Do I really need an overdraft?
Many people in the UK will have access to "interest-free" overdrafts for which they may be charged a small administration fee on a monthly basis. However, do we really need an overdraft or is it simply a long-term extension of our own credit facilities?
The ideal of an overdraft should simply be access to emergency credit at very short notice. However, it can be very easy to fall into the trap of accumulating your overdraft facility with your income on a monthly basis to arrive at "accessible credit limits". This can often lead to situations where we fall into our overdraft facility earlier and earlier each month which can often lead to extended overdraft facilities which are often more expensive and attract higher interest rates.
Even an interest-free overdraft facility, although often very useful at the time, can be the first step towards more debt and more charges in the future. We all need to be vigilant and keep within our budgets and not automatically assume that our overdraft facilities are part of our "everyday budget". It is easy to suggest that a £100 overdraft is simple to pay back but this could become £200, £300, etc and the situation can easily get out of control.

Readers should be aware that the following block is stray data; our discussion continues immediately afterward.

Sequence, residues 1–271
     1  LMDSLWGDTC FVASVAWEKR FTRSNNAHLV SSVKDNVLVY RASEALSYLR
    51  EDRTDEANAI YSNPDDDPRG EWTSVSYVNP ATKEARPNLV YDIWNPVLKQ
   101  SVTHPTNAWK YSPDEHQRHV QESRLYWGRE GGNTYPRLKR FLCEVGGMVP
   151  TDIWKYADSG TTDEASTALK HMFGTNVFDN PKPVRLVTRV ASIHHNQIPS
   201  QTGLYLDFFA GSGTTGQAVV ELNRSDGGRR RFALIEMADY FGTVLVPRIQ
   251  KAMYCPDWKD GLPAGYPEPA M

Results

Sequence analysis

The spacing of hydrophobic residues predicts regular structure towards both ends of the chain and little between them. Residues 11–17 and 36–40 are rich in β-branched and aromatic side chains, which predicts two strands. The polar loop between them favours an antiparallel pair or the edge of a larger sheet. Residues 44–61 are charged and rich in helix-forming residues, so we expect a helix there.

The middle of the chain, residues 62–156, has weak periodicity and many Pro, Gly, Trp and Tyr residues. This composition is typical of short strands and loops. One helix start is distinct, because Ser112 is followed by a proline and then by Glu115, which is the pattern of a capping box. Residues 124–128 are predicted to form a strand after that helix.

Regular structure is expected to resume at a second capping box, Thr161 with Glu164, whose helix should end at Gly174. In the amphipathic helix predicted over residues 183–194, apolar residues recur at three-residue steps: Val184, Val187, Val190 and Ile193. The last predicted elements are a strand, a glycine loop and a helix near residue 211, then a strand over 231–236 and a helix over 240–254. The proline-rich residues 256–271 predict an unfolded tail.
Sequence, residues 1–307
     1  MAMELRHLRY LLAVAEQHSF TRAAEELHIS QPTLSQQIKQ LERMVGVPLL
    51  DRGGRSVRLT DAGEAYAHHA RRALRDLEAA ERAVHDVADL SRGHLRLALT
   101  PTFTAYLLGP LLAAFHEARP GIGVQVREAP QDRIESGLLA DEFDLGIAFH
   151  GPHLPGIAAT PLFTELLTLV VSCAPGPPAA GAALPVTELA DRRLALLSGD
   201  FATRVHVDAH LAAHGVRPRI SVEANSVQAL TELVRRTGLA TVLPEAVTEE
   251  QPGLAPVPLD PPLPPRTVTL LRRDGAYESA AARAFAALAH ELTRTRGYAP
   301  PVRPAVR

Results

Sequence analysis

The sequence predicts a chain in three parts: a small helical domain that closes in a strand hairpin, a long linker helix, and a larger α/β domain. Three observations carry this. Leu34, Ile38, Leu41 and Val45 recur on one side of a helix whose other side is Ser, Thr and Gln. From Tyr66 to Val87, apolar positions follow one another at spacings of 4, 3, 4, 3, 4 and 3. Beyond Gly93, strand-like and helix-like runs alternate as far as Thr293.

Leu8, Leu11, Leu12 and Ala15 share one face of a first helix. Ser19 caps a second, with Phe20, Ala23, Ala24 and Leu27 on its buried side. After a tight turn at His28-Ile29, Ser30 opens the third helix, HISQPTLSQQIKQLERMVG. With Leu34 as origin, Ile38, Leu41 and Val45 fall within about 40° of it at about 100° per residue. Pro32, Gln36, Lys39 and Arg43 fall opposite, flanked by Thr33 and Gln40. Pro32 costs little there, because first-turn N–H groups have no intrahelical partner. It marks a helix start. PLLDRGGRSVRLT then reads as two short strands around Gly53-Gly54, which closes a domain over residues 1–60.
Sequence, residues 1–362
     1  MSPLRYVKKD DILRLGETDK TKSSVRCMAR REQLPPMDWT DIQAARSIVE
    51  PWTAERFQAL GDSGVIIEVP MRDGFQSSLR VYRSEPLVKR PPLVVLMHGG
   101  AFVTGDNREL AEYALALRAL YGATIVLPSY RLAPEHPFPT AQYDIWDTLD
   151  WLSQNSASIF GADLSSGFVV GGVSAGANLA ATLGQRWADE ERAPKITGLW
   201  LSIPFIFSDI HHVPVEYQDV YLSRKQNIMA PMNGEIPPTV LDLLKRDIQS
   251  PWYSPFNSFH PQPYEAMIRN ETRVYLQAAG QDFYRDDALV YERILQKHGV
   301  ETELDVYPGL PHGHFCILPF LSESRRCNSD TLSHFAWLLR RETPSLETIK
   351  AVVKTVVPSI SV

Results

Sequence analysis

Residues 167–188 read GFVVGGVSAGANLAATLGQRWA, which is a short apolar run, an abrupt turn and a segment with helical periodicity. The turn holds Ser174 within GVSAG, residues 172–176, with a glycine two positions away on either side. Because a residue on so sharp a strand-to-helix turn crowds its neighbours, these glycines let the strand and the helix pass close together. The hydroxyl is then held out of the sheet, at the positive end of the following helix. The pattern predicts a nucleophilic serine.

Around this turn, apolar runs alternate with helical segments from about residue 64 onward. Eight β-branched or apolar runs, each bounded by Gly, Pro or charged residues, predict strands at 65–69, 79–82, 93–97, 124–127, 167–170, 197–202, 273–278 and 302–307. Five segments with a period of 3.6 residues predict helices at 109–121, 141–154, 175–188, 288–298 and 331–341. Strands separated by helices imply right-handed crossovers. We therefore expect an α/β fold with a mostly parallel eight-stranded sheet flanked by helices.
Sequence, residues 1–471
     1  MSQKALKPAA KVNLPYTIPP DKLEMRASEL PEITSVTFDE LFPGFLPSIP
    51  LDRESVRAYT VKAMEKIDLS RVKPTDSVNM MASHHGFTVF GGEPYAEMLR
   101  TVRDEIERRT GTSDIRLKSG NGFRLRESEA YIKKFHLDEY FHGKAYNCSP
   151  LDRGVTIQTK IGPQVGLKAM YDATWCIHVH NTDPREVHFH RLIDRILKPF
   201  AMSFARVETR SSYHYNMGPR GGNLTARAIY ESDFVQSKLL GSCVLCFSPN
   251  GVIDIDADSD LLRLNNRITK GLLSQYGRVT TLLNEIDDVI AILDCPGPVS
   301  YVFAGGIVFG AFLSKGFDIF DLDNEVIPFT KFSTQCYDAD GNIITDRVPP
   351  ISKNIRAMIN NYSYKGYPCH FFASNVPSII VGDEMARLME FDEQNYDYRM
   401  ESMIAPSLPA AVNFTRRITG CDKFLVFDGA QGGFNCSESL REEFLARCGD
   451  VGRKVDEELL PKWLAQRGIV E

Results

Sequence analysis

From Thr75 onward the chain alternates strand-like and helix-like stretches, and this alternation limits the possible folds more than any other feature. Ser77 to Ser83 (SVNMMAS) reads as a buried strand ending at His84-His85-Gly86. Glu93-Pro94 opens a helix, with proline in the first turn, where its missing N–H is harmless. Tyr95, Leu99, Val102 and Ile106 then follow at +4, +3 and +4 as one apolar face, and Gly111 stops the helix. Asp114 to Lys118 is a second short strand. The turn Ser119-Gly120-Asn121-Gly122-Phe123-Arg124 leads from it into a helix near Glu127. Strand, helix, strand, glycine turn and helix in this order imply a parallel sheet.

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RBS admits further consumer misery is likely, as some Ulster Bank accounts won’t be up and running until 16th July
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